Tomás and I went to a party for a friend of his who graduated from Brown and now lives here in Polanco. There were roughly 2 mexicans in attendance but we had a great time. Almost everyone was american though I met people from Brazil and Spain. I met two Penn grads, one of whom recited his cultural elite listing to me and one of whom lived in my house for next year and tons of Wharton MBAs. The snacks and mixers were from the Mexico city costco (a real thing that exists) and it felt very familiar. Most people were not much older than me and working in either consulting, banking or commercial real estate with a few more socially oriented jobs thrown in for good measure. Some had been there for three years and some had arrived only five days before. It was really interesting to hear why and how everyone arrived in Mexico City and so relaxing to be at a party where I understood the culture and didn’t have to do any weird dances. The same group is having a 4th of July party on Saturday which should be lots of fun. I’m planning on making this.
On Sunday, I woke up not long after falling asleep because MEXICO was playing in the World Cup! The game started at 11 and Ramsés and I went to his friends’ apartment only blocks from the Angel, the huge centennial statue that is routinely stormed in support of athletic victories. When we arrived (after the game had started oops) after a cab ride through an empty city, there were police everywhere, preparing for an onslaught. The local OXXO (the 711/wawa of mexico city) wasn’t selling beer and people were nowhere to be found. The game was really tense and watching the last ten minutes was terrible. Everyone was so disappointed and walking back outside the Angel, where a few dedicated fans still sang Cielito felt like walking through a deflated balloon. Mexico did surprise everyone by how well they played this year and I hope they do well in Russia (and bring Miguel Herrera, a national treasure). Ramsés and I stopped at home to get our stuff and then went to do work in a cafe where we inadvertently watched the Costa Rica-Greece game which was HIGH DRAMA. I’m so glad Costa Rica won!
This week is relatively quiet at work because I don’t have any events but it’s been nice, though very, very rainy (seriously this is the second coldest summer of my life after last year’s Argentine winter!) The rain here is not a mere drizzle but often a very loud thunderstorm that sometimes can delay lunch breaks and walks home with its magnitude. On monday, I went to a really cute bakery in Roma Norte and had a great vegetarian quiche with tomatoes and ricotta cheese. Tuesday was all about America as I took a long lunch break to watch the game. I was the only guest besides one belgian in a mexican restaurant with great tvs so that was a little awkward but wow TIm Howard, wow. Pretty impressive performance that bears well for the future of US soccer. Also on tuesday Tomás came over and we cooked a great dinner of guacamole, veggie tacos and ice cream with toppings (Ramsés chopped all the fruit, including strawberries which are apparently really dirty here and need to be disinfected.) We also watched Annie Hall which I had never seen and felt conflicted about watching because Woody Allen may be a child molester but I really enjoyed it. I don’t really want to watch any more Allen movies but I think that one is the best sample and Diane Keaton’s style rocked. Yesterday it didn’t rain for ALMOST the whole day (though it started right when I wanted to leave the office) so I had lunch outside at my favorite crepe stand which had a vegetarian quiche option for the first time. This weekend will be the 4th/5th of July party and who knows what on sunday. It’s my second to last weekend so that’s pretty scary to ponder.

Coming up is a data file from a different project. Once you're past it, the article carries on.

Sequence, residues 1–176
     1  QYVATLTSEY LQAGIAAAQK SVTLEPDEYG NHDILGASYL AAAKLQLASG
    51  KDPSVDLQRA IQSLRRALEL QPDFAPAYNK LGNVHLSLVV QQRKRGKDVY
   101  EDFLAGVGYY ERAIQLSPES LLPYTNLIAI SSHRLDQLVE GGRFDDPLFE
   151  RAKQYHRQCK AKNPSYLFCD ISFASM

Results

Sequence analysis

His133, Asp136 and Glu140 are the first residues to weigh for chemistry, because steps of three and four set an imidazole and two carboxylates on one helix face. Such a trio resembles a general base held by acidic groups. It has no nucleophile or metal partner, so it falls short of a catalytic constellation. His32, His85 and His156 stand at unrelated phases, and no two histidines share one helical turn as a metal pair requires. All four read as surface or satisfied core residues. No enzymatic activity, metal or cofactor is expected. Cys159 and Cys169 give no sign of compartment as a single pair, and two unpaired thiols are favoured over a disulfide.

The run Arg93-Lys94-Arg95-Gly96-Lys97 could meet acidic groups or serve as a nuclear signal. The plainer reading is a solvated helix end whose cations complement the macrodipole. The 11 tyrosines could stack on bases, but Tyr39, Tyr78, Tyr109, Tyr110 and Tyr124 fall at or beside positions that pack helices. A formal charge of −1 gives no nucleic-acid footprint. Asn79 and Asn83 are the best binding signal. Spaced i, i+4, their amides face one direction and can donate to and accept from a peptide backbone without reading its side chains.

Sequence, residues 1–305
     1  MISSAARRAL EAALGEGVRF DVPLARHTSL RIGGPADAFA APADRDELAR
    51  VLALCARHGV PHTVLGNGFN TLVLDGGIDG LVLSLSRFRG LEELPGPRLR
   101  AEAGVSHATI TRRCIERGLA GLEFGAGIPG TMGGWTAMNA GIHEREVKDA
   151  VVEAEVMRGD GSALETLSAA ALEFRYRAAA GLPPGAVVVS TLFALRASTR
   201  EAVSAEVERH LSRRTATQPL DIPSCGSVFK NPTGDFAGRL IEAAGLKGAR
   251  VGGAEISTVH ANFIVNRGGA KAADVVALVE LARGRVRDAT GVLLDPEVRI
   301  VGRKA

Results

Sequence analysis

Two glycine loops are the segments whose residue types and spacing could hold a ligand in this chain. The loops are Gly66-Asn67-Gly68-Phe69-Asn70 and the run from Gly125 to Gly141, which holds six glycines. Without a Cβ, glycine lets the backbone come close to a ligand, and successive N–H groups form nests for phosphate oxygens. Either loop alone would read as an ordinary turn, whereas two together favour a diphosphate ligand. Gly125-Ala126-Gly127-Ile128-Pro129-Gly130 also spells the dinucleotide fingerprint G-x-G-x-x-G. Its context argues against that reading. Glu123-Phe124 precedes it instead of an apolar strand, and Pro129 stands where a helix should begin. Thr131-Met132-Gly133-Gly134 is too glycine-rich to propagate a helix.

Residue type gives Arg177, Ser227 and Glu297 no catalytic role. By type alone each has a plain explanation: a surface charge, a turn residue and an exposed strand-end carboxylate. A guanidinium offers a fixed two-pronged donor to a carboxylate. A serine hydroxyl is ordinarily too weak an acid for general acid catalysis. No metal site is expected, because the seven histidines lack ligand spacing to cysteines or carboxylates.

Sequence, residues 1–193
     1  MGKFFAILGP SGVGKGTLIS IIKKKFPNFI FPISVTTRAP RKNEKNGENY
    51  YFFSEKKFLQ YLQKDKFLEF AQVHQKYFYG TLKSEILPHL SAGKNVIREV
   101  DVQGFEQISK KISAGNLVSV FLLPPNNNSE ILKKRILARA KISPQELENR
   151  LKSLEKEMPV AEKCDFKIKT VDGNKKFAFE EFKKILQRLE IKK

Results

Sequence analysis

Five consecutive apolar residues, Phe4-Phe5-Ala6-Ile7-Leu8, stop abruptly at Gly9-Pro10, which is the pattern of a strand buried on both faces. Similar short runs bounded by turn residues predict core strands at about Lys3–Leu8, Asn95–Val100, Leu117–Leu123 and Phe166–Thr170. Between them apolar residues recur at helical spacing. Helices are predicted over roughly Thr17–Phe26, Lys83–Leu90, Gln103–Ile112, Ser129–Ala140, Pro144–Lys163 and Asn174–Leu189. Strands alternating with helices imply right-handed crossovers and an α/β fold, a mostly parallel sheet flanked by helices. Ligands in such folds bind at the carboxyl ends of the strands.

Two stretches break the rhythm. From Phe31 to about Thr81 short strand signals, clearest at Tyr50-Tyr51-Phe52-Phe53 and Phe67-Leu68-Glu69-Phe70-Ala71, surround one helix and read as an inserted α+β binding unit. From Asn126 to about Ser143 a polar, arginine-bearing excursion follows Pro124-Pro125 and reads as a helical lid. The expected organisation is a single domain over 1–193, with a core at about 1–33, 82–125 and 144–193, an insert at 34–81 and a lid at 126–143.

This week, even though I’m not running around, is a huge one for Ashoka because it’s the panel where they choose the next group of fellows. The panel is comprised of representatives from the social entrepreneurship sector and staff from other Ashoka offices. Right now, the directors of Ashoka Egypt (a badass feminist who receives death threats for her work), Austria, and Haiti (the woman speaks seven languages and is originally from Romania) are in the house and it’s so cool to sort of watch the process, mainly by walking past closed conference rooms.
I feel strangely settled here and also feel productive but not too stressed (though the stress is mounting as I contemplate research in ecuador). Getting food before doing work doesn’t feel the same as waiting in line at Metro on the way to Van Pelt, I’ve mostly turned off the stopwatch in my head that forces me to get to the library by a certain time or constantly check my watch. I’d rather watch someone hand press my tortilla and walk through the neighborhood before buying fancy water and reading about indigenous movements. I’ll try to remember that in a few months.
Have a great weekend and happy 4th of July! Last year I celebrated in Philadelphia and the defining moment of that experience is explained here, if you want a little #tbt.